The relevant history of impaired visual functioning while on antituberculosis drugs including ethambutol and isoniazid, and basic eye examinations and tests were sufficient for accurate diagnosis and hence suitable intervention to save the sight in our patient. This approach should be sufficient in saving the sight of patients on antituberculosis medication elsewhere as well. This benefit is further underscored as it can be achieved without sophisticated medical tests, which are not readily available in many societies. However, tests including multifocal electroretinogram (mfERG) and visual evoked potential (VEP) could suggest associated retinal toxicity in patients taking ethambutol. Results from mfERGs have been found to be abnormal in ethambutol-induced macular toxicity, and should therefore be useful in diagnosis and serial assessment of ethambutol-related ocular toxicity . Furthermore, where available and affordable, tests such as magnetic resonance imaging (MRI) and optical coherence tomography (OCT)  could be employed to investigate ethambutol ocular toxicity. MRI scans of the optic nerves and chiasm, with normal findings in toxic and/or nutritional optic neuropathy, could be useful to differentiate between bilateral cecocentral scotomas and compressive or infiltrative lesions of the optic chiasm. OCT, being an objective test, could be used to quantify the loss of retinal nerve fibers from the optic nerves as a sign of early toxicity from ethambutol .
It was found that our patient, as in many others in resource-limited communities, had received no peri-therapy visual assessment. However, early report and detection, prompt referral, and prompt attention contributed to restoration of visual function in our patient. Apart from this, our patient benefited from a discontinuation of drugs, which of course remains the mainstay of treating ethambutol-associated and isoniazid-associated ocular toxicity .
Irreversible visual impairment as a consequence of antituberculosis medication may not be common, but it does complicate the management of tuberculosis and compromises patient quality of life. Increasing patient, health worker and facility preparedness for identifying and managing symptoms or signs of possible visual complications of ethambutol and isoniazid use may assist in preventing cases of irreversible visual impairment from antituberculosis medication.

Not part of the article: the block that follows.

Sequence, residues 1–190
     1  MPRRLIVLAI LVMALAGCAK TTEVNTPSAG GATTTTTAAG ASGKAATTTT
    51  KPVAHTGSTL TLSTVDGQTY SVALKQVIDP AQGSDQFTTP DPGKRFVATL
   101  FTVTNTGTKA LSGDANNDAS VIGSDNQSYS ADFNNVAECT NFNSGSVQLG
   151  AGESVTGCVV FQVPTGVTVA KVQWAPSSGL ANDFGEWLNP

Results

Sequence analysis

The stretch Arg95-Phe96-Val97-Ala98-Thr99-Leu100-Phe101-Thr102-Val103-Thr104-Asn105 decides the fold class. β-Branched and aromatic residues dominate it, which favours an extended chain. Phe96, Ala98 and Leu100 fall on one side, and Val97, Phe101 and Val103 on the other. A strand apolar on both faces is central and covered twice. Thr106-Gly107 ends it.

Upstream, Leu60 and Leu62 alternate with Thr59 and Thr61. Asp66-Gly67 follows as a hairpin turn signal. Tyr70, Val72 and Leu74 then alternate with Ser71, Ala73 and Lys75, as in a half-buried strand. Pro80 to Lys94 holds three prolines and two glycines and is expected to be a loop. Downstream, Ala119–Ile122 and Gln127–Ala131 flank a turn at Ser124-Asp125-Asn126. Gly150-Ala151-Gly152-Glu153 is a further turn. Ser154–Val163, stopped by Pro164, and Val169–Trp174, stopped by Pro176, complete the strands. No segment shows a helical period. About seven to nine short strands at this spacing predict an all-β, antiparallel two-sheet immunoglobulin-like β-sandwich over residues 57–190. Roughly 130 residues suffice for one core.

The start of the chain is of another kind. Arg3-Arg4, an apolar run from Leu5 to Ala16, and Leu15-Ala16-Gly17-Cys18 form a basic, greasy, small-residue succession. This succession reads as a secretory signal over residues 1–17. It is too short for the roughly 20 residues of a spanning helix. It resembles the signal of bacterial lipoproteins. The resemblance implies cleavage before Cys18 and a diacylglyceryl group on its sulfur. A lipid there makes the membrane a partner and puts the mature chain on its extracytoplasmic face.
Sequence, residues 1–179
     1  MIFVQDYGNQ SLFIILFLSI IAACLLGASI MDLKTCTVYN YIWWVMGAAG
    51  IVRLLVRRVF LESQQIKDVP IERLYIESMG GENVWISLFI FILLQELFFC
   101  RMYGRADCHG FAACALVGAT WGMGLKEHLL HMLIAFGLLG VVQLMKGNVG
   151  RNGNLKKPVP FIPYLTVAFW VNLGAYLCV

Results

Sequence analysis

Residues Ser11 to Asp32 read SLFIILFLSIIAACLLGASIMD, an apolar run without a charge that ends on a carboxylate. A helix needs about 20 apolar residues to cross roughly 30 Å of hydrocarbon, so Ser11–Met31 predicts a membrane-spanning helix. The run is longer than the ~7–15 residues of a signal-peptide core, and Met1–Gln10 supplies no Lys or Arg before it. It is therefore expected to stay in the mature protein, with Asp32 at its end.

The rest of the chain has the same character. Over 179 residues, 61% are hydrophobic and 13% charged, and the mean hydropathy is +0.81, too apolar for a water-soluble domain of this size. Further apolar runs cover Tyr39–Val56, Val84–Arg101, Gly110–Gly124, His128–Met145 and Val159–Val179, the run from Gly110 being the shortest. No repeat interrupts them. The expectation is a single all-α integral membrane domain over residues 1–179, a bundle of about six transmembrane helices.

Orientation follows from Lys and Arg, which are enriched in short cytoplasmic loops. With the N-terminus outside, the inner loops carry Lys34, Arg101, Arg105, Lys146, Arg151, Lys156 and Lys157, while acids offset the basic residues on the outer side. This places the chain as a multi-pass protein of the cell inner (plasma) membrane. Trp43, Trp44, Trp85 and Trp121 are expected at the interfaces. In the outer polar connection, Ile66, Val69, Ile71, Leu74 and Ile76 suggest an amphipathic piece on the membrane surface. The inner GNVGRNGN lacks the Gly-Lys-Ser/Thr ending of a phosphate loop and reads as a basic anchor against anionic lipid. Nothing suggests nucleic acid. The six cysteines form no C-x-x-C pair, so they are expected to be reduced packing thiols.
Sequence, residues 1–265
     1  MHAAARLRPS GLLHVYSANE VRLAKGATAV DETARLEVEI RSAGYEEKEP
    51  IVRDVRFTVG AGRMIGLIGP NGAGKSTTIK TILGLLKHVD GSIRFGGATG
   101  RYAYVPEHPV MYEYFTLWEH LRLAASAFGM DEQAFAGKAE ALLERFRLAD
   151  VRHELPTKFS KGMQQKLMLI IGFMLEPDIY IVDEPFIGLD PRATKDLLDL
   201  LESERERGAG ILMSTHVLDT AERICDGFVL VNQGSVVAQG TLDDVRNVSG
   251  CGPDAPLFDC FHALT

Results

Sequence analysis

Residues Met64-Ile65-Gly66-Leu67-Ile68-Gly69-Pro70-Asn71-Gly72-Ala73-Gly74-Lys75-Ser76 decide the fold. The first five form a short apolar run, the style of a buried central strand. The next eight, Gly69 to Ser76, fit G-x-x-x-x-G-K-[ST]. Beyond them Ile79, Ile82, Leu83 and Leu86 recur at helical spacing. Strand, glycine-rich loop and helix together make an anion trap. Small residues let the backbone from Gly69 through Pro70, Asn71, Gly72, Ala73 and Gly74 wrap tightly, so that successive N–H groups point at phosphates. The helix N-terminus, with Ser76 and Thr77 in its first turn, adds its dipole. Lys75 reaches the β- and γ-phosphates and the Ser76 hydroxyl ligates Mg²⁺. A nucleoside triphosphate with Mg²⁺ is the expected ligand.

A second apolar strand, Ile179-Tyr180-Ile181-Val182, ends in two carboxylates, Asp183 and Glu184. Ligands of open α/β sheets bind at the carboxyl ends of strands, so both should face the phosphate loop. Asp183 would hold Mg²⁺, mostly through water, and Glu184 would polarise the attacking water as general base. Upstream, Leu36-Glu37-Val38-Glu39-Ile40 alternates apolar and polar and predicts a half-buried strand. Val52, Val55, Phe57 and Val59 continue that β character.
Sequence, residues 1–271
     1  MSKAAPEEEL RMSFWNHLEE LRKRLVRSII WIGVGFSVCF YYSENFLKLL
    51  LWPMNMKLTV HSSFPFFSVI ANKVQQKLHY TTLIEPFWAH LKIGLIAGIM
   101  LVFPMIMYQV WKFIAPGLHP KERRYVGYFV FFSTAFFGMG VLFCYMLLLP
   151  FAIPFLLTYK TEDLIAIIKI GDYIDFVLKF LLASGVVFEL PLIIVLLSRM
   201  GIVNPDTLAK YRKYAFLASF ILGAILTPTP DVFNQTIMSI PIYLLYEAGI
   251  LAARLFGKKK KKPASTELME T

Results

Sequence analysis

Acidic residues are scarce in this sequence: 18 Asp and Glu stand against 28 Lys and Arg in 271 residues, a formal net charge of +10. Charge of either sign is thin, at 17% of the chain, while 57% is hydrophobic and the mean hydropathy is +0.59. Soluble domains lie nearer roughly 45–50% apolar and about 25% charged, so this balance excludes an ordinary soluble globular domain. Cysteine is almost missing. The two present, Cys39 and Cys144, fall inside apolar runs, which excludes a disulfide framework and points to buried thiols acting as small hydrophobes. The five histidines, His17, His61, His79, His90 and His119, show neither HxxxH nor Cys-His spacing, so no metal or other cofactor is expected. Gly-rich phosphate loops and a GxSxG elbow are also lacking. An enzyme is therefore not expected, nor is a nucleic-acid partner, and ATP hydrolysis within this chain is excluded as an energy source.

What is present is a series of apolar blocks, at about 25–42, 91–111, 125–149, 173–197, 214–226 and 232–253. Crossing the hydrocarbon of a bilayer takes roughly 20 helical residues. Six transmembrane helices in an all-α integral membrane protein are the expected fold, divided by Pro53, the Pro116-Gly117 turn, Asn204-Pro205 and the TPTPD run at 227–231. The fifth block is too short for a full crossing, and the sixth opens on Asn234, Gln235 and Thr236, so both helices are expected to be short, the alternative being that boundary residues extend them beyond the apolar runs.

Patients on antituberculosis medication (and their parents or guardians) may also benefit from health education on possible visual complications of ethambutol and isoniazid. Where possible, patients could be taught how to assess VA and how to perform color vision tests for self-monitoring of visual function. These charts could be made available for patients to use at home. Patients could then report to their clinic (in person or by telephone) in case of visual complaints or detected visual defects.
Furthermore, the attending health staff could be trained on the possible ocular side effects of ethambutol and isoniazid, including visual impairment and color vision defects. They should specifically ask patients about these at each clinic visit (screening). They should also carry out tests on patients, interpret VA and color vision test results for possible changes and advise discontinuation of drugs, promptly referring patients to eye care specialists.
Finally, involved health facilities should routinely assess patients for visual function while on antituberculosis drug therapy. This could be achieved by referring patients for visual function assessment before, during and after drug therapy. Alternatively, trained health staff in such facilities could be involved in peri-therapy visual assessment, as already mentioned. The required minimum for peri-therapy visual function assessment for patients on ethambutol and isoniazid drugs should be VA and color vision tests. The health facility could make visual acuity and color vision charts available.
Following the advocacy visit to the chest clinic, where our patient was being managed, the coordinator in charge of the tuberculosis program agreed to implement our above recommendations. The prompt referral of patients with ocular complaints and/or detected ocular abnormalities to eye care specialists can prevent ocular morbidity and/or mortality among patients on antituberculosis drugs.
Ethambutol and isoniazid used in antituberculosis treatment are notorious for causing impaired visual function. A diagnosis of ocular toxicity from antituberculosis drugs should never be delayed, and should be possible with patient history and simple but basic eye examinations and tests. Tight weight-based antituberculosis therapy, routine peri-therapy visual function monitoring towards early detection of impaired functions, and prompt attention will reduce avoidable ocular morbidity among patients on antituberculosis drugs.
Written informed consent was obtained from the patient for publication of this case report and any accompanying images. A copy of the written consent is available for review by the Editor-in-Chief of this journal.
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Our special thanks go to the Nurse Supervisor at the chest clinic, who provided information on our patient while on combination antituberculosis therapy.
The authors declare that they have no competing interests.
AAA came up with the study concept and design, and was responsible for patient care, drafting the manuscript and the literature review. ROA edited the manuscript, performed the literature review, and revised the manuscript. All authors read and approved the final manuscript.